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Immigration: Legal, Illegal, And Everyone In Between

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The American immigration system has sparked many intense arguments and discussions among the political spectrum of the United States government. Immigration has been occurring between the United States and numerous other countries, such as Mexico, China, India, and Cuba, for many decades, but more recently the number of illegal immigrants has sky-rocketed to profound heights. There is an estimated twelve million illegal immigrants currently residing within the United States borders. Everyday more and more illegal immigrants enter into United States to take part in both the government's benefits and job placing. The processes involved in both legal and illegal immigration needs to be reformed and become more restrictive towards those illegal immigrants who truly have no desire to apply for citizenship.

Caps or restrictions need to be placed upon the time allotment and amount of visas, green cards, temporary work cards, and the lottery programs, which allow immigrants to cross over the border into the United States. Immigrants with temporary-work visas need to evacuate America and return to their home countries when their allotted working term has been completed. The family reunification process also needs to be reformed to include only the reunion of nuclear family members, which consists of children and spouses. Extended family petitions need to be disregarded from the 1965 Immigration Act because they create serious problems concerning chain migration. The practice of chain migration greatly affects the annual allowance of immigrants into the United States.

The United States current immigration policies hinder the many economic advancements and interests of America. The United States cannot continue allowing millions of immigrants to integrate into the country each year. Standards and precedent needs to be established in order to filter through the wide selection of immigrants wanting to enter into America. Immigrants should be provided with the basic tools, fundamentals, and information which are needed to survive and successfully advance in the American culture. New immigrants should be required to attend a series of citizenship classes that cover major concepts of the United States government, history, and culture. Basic concepts from the Declaration of Independence, Constitution, and other important American documents and laws needs to be learned and understood by immigrants before they are granted citizenship. A course in American history and citizenship will help encourage the immigrants to become better assimilated and positioned in society.

Fixing Immigration, written by Yuval Levin discusses the problems associated with the United States legal immigration policies. Yuval Levin goes into extensive detail explaining how the immigration policy, based on the family reunification idea of the 1965 Immigration Act, is out of date and no longer reasonable for the twenty-first century's immigration standards. Yuval Levin believes that family reunification and the processes involved in becoming a legal citizen causes many economic problems. The Immigration Act of 1965 should be updated and modernized to fit in with today's growing society.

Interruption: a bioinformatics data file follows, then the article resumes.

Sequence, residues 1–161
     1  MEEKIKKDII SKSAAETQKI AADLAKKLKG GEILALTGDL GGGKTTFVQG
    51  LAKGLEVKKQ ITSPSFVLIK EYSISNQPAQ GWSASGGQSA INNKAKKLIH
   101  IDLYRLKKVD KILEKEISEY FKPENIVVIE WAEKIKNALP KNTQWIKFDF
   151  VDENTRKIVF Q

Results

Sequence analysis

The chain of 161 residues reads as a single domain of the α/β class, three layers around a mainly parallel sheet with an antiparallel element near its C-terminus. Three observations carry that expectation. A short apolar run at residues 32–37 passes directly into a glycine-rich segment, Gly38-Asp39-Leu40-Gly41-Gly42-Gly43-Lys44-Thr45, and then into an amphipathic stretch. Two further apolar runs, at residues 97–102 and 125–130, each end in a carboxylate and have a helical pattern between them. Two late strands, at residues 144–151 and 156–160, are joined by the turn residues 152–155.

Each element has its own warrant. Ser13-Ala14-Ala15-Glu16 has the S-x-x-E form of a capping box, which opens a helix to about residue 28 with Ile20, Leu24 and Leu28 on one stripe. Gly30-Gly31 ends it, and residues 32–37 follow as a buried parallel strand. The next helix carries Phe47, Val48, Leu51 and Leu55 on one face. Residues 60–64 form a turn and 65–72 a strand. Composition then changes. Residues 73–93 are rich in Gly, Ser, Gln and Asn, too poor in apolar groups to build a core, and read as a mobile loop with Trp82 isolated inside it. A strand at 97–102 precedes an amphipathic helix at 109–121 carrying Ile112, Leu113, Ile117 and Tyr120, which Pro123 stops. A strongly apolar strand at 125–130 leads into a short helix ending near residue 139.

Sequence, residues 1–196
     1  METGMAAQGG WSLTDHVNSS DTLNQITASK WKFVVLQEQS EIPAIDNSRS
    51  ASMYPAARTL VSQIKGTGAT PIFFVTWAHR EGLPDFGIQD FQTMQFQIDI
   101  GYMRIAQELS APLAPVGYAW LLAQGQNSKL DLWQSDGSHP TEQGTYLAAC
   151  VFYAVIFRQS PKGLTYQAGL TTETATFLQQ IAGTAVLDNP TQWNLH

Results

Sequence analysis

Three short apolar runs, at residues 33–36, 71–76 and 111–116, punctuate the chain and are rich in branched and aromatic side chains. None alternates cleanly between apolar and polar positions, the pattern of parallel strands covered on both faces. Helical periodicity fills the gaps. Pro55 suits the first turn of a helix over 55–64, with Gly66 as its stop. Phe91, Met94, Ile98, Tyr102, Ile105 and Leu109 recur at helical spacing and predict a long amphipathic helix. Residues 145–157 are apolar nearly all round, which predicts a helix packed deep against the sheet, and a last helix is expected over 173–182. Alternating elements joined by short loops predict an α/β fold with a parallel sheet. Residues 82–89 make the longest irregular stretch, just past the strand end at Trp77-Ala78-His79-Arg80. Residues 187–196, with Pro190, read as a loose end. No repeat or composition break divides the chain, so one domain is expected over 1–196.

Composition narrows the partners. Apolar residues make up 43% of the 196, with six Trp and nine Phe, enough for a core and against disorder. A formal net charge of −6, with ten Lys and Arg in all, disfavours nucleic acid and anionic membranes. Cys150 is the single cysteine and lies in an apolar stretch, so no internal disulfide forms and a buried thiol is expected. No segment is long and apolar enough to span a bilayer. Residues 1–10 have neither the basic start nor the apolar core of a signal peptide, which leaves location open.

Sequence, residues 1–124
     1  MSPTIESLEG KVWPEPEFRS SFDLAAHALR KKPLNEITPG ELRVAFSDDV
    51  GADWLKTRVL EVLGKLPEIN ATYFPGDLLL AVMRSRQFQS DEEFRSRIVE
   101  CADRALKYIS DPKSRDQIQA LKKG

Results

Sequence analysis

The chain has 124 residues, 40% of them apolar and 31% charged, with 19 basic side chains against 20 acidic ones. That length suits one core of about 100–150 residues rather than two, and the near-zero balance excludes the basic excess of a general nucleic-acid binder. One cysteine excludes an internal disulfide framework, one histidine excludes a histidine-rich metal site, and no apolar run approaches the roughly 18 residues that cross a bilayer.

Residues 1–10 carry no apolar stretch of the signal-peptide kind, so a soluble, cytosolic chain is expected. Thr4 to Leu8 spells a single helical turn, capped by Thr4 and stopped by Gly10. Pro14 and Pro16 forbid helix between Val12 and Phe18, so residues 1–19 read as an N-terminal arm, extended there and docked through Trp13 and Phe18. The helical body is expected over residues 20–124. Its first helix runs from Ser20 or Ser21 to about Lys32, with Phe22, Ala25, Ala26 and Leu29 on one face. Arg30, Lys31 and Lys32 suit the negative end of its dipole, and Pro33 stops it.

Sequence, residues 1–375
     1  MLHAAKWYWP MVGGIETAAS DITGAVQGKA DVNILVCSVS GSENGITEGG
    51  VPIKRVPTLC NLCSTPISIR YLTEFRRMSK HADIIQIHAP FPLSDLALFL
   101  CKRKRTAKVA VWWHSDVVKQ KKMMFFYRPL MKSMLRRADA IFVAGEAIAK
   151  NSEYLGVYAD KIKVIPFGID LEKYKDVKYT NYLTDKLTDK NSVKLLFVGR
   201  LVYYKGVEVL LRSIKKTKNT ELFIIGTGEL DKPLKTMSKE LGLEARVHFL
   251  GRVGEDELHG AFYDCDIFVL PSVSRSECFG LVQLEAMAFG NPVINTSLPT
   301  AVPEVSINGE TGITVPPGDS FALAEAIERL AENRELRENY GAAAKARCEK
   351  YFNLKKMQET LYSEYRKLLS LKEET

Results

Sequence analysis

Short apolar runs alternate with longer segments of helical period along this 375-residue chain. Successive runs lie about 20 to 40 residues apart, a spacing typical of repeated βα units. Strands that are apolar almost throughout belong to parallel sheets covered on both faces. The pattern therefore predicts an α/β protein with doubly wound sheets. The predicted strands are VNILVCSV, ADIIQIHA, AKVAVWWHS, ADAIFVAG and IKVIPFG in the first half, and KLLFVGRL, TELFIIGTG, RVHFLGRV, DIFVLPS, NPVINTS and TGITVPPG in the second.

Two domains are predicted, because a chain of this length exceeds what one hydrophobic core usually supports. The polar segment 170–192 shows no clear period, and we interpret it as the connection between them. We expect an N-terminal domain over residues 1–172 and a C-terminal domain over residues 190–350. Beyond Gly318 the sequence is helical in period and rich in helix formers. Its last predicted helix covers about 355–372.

Levin uses great detail in order to prepare the reader/audience for the on-coming realties of immigration throughout the United States. Levin states that the problems concerning immigration "resides in our actual immigration policies- our means of selecting, processing, welcoming, and integrating those who come to our shores openly and legally" (page 50). The author goes on further to explain that family reunification, employment based green cards, visas, and other various migration petitions need to be substantially reduced and a more extensive filtering process established. Levin argues that a drastic reformation of the 1965 Immigration Act is severely needed. "These basic outlines of current American immigration law have their origins in policies established more than forty years ago, in response to a very different world" (page 51).

Yuval Levin uses an array of resources, such as commentary from various congressmen and State Departments, English Literacy and Civics Program, Department of Education, and the Office of Citizenship in order to help effectively prove the need for reform to the 1965 Immigration Act. Levin also uses state wide statistics in order to illustrate the general categories/ways most immigrants gain access into the United States. Yuval Levin shows the percentages of immigrants with employment-based green cards, the refuges, and the lottery program newcomers. The sources provided within this article fully support Levin's argument. This article gives the audience an insight to the severity of certain immigration policies without needing much background knowledge. The author gives background information concerning the origins and principles of the 1965 Immigration Act, which help readers to comprehend the illegal immigration problems of the United States.

Fixing Immigration was published in Commentary, a well-known journal slanting towards more progressive ideals or views. This article is mainly one-sided; however, Levin incorporates views from the more conservative spectrum of immigration by including President Bush's initiatives towards the temporary workers program. This article is commendable in the areas of research, knowledge, and basic understanding towards nationwide immigration policies.

Getting Immigration Right, written by Ramesh Ponnuru, reports on the divisions among the conservative party about issues concerning how to handle illegal immigration. Ponnuru states that the Republican Party has strenuous debates over instituting strategies for



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